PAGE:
The lion’s share of the limited investments made in infrastructure, are allocated to roads, with railways lagging far behind, writes Patrick Knight.
While Brazil’s output and exports of most farm goods, iron ore and bauxite, pulp, paper and a range of other commodities has been growing steadily for many years, and will continue to do so, spending on improving roads, railways, waterways and at ports has failed to keep pace.
The economy shrank in 2015 and 2016, and grew by only about 1% in 2017. This
year’s growth, earlier hoped to exceed 2%, has now been downgraded again. With unemployment rising, and with tax revenues considerably lower than before the severe recession struck, government agencies are hard-pressed to just meet essential services. Spending on improve- ments to infrastructure have been a casualty, but rising transport costs pose a real threat to the profitability of farmers, mining companies, and producers of market pulp. Buoyant earnings from the export of commodities, has largely saved the economy from collapse.
In this situation, the government has resorted to selling as many state-owned assets as possible to raise funds, and has been seeking private finance for the building and maintenance of as many infrastructure projects as possible. Largely because of China’s importance as the leading market for a variety of Brazil’s commodities, led by soya of which 54mt (million tonnes) of the total 68mt exported was shipped to China last year, as well as iron ore, market pulp, sugar and maize, Chinese companies have been in the lead.
China’s giant Communications ?Construction Company, the state-owned CCCC. has been active in financing projects on its own, or in partnership with Brazilian companies. For example, CCCC has formed a joint venture in which it has a 50% share with national companies to build new facilities at fast growing Itaqui, a deep-water port in the northerly state of Maranao. Water is a record 20 metres deep, so expensive dredging, essential in ports further south, is not needed there. Itaqui is both the terminus of the 900km-long railway along which millions of tonnes of iron ore from Vale’s Carajas mine travels to the sea each year is embarked, as well as being an outlet for an increasing proportion of the soya and maize grown in the north and North East of Brazil.
The market pulp produced at Suzano’s pulp mill at Imperatriz, soon to be duplicated, is also exported from Itaqui, while increasing volumes of the millions of tonnes of fertilizer used on farms via Mato Grosso and other states, previously trucked up from ports in the south, now arrives there, as do large amounts of motor fuels.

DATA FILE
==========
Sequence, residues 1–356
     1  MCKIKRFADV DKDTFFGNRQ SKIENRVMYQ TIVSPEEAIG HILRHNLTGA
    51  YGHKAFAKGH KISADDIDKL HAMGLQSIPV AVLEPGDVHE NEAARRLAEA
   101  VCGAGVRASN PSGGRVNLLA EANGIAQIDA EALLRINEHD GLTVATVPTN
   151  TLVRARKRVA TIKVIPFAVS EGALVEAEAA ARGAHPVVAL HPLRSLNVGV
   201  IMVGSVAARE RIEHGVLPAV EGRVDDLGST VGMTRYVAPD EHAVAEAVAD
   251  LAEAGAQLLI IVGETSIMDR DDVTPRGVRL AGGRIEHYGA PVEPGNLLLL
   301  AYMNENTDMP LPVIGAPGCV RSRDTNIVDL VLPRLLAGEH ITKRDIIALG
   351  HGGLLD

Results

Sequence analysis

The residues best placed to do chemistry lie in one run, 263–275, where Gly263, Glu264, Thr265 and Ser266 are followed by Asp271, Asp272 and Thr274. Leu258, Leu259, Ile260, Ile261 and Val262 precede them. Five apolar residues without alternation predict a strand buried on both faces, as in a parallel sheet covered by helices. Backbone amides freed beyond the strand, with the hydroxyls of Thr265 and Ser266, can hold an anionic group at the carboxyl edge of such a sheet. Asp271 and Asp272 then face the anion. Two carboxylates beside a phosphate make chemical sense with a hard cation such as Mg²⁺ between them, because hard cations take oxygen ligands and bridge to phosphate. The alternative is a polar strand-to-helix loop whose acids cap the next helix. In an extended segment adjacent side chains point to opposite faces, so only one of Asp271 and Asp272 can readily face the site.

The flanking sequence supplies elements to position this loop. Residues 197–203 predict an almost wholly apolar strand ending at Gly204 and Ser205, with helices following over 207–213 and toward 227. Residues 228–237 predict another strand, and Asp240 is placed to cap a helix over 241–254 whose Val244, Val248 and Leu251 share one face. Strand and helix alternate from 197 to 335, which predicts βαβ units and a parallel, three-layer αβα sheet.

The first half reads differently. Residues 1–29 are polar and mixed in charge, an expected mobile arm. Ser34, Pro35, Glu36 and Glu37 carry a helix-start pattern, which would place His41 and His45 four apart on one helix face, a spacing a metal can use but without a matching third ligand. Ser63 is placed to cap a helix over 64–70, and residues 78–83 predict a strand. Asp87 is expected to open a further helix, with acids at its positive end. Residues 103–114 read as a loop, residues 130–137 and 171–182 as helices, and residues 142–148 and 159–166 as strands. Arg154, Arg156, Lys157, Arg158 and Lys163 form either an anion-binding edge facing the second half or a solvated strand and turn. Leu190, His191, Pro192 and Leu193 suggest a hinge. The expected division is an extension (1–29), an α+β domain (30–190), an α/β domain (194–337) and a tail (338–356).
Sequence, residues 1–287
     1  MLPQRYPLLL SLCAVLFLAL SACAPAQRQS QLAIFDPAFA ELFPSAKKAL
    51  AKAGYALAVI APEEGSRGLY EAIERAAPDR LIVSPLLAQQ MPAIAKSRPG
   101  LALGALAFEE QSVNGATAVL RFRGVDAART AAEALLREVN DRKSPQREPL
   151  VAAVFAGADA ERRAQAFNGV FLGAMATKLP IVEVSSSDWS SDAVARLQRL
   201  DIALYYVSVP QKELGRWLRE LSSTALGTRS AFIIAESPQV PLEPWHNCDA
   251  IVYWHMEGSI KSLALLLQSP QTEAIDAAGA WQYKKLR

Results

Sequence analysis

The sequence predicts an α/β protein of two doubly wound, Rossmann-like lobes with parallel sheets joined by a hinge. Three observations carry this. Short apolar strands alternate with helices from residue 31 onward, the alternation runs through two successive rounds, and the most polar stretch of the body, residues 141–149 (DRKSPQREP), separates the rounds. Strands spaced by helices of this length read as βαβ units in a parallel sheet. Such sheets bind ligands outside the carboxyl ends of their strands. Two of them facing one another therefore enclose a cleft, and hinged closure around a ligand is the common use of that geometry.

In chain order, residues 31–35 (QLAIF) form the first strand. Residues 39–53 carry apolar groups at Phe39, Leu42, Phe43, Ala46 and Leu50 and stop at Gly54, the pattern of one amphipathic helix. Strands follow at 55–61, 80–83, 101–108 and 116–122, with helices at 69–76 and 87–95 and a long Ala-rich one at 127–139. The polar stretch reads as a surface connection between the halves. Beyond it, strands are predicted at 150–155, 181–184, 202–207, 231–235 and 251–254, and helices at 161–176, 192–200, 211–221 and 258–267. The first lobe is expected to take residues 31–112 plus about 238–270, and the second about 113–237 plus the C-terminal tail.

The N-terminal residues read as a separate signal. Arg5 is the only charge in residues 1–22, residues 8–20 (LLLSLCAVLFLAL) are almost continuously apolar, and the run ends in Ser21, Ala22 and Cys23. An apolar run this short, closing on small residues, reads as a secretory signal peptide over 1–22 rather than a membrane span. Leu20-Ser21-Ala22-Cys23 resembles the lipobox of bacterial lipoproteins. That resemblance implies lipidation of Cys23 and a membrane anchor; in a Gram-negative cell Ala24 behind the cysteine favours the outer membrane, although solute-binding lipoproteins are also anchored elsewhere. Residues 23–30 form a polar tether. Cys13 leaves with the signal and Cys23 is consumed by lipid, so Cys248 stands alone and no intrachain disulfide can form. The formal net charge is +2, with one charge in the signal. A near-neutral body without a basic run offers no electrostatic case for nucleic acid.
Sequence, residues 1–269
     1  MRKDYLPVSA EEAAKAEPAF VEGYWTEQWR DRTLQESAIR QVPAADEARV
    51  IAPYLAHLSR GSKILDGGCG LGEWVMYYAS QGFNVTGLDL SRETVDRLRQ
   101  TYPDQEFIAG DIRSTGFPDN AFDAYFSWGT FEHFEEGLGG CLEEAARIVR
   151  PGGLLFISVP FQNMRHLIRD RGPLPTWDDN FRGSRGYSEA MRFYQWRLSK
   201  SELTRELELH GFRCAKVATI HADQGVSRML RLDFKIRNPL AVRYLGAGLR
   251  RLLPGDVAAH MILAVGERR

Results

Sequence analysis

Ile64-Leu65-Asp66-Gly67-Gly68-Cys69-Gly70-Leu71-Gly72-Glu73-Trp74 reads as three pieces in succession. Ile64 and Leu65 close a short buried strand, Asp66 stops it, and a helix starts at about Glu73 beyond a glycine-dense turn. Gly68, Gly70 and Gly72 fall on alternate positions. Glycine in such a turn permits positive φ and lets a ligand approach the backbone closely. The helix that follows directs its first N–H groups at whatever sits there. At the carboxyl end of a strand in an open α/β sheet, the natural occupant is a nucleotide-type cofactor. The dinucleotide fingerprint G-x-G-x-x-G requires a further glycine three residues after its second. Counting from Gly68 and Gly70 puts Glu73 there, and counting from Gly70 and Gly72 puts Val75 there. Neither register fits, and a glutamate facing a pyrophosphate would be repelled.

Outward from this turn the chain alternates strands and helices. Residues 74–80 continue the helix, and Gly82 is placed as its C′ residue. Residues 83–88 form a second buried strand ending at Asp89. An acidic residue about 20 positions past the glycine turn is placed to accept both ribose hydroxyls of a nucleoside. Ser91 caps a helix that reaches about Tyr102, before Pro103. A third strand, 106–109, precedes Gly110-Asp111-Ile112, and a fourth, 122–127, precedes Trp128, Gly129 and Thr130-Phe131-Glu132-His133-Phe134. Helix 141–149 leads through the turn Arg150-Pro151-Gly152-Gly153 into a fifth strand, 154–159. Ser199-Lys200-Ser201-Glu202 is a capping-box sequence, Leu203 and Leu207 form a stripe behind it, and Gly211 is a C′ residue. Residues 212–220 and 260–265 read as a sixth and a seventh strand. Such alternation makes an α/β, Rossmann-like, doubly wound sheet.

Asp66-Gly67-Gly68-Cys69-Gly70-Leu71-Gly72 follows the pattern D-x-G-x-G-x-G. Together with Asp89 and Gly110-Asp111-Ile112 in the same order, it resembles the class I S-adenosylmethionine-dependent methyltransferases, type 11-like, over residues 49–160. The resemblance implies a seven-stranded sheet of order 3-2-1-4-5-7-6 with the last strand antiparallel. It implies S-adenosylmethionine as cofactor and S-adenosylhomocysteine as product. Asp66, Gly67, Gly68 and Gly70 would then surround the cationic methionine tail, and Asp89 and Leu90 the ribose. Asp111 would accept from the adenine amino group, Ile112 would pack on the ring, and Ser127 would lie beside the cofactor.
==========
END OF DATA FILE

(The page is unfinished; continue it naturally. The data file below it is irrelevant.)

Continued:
Itaqui is one of the ports in what is called the ‘Northern Arc’ others of which are Itacoatiara, Santarem and Barbacena. Close to 25mt of Brazil’s soya and grains crop will be exported from the Arc ports this year, compared with 7mt a decade ago. Almost half of Brazil’s grains are now grown in the north and north east. Until recently, the great majority of these were trucked up to 2,000km south to Santos and Paranagua at great cost.
With demand for Brazil’s grains expected to double in the next 20 years, almost all the extra needed will be produced in the north, so the importance of Northern Arc ports will continue to increase. Because it takes several days less for the grains shipped from the north to reach most destinations from there, as it does those exported from the ports in the south of Brazil, as well as from up-river ports in Argentina, soya from Brazil is far less susceptible to deterioration on the journey, as those from further afield. This adds to its attraction and competitiveness.
The 1,537km-long North–South railway on which work started in the 1980s, will soon be operating on a regular basis. Bids are now being sought for the right to operate the railway which links the N–S line with the Carajas line in the north, and with other lines in the south. The CCCC company is a favourite to succeed, although there are bids from other Chinese and Russian companies as well. Whoever wins the rights to operate the N–S line, along Brazil’s 1,537km-long which more than 20mt are expected to be moved each year in a few years’ time, will need to invest at least US$1 billion on building loading facilities along the length of the track, and purchasing hundreds of new locomotives and thousands of new cargo wagons.
One of the problems whoever wins the N–S concession will face, is to negotiate rates for the use of the tracks owned by companies which operate the lines linking N–S tracks to Santos or Paranagua in the south, which are operated by the MRS and Rumo companies. These companies say they are anxious to invest large sums on upgrading the several thousands of kilometres of tracks whose concessions to operate they hold, and which will terminate soon, and on building stretches of brand new track.
Only 6.5% of the small investment in infrastructure of recent years, has been spent on railways, compared with 85% on roads. They have warned the cash strapped government that they will only make the much-needed investments if their concessions, which date from the when Brazil’s railway system was privatized 20 years ago, are extended by a further 30 years.
If times were easier, the government might be prepared to allow these concessions to expire, and seek new bidders, who might be able to operate the systems more efficiently, and on better terms. But in the present situation, this is unlikely to happen.
The current concession holders have been criticized for the fact that the speeds at which trains now travel on their tracks have not risen at all during the 20 years since privatization, and have fallen in some cases. The companies counter this claim by pointing out that trains are now much longer and heavier than in the past, that their tracks pass through urban areas which are much more heavily populated than 20 years ago on their ways to ports and that there are numerous level crossings to be negotiated.
The fact that there are two gauges in North–South railway on Brazil, 1:60 metres, and one metre, further which work started in the